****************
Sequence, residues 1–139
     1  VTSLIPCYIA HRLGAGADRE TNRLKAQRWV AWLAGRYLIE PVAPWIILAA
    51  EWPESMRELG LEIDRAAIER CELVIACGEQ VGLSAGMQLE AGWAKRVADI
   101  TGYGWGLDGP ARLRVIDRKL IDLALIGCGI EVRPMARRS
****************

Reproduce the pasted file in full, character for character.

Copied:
Sequence, residues 1–139
     1  VTSLIPCYIA HRLGAGADRE TNRLKAQRWV AWLAGRYLIE PVAPWIILAA
    51  EWPESMRELG LEIDRAAIER CELVIACGEQ VGLSAGMQLE AGWAKRVADI
   101  TGYGWGLDGP ARLRVIDRKL IDLALIGCGI EVRPMARRS